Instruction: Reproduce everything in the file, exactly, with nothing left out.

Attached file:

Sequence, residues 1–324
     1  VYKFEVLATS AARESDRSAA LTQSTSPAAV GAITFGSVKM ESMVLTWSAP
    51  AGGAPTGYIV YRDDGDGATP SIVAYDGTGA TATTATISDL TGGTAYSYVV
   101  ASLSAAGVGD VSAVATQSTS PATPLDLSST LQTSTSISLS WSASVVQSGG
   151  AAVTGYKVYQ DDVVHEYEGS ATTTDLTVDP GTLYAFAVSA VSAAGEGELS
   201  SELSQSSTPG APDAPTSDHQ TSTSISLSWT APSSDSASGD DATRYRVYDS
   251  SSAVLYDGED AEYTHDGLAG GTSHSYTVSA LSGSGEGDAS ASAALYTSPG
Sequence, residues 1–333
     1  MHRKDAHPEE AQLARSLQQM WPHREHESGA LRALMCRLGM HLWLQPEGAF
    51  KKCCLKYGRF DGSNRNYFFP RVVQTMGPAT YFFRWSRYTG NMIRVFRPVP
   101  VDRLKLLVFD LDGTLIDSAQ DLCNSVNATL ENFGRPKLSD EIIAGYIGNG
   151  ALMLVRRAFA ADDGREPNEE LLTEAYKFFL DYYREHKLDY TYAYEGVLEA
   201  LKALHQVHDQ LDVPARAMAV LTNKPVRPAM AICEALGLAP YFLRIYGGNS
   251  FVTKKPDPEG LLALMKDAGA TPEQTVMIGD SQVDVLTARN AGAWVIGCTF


Sequence, residues 1–324
     1  VYKFEVLATS AARESDRSAA LTQSTSPAAV GAITFGSVKM ESMVLTWSAP
    51  AGGAPTGYIV YRDDGDGATP SIVAYDGTGA TATTATISDL TGGTAYSYVV
   101  ASLSAAGVGD VSAVATQSTS PATPLDLSST LQTSTSISLS WSASVVQSGG
   151  AAVTGYKVYQ DDVVHEYEGS ATTTDLTVDP GTLYAFAVSA VSAAGEGELS
   201  SELSQSSTPG APDAPTSDHQ TSTSISLSWT APSSDSASGD DATRYRVYDS
   251  SSAVLYDGED AEYTHDGLAG GTSHSYTVSA LSGSGEGDAS ASAALYTSPG
Sequence, residues 1–333
     1  MHRKDAHPEE AQLARSLQQM WPHREHESGA LRALMCRLGM HLWLQPEGAF
    51  KKCCLKYGRF DGSNRNYFFP RVVQTMGPAT YFFRWSRYTG NMIRVFRPVP
   101  VDRLKLLVFD LDGTLIDSAQ DLCNSVNATL ENFGRPKLSD EIIAGYIGNG
   151  ALMLVRRAFA ADDGREPNEE LLTEAYKFFL DYYREHKLDY TYAYEGVLEA
   201  LKALHQVHDQ LDVPARAMAV LTNKPVRPAM AICEALGLAP YFLRIYGGNS
   251  FVTKKPDPEG LLALMKDAGA TPEQTVMIGD SQVDVLTARN AGAWVIGCTF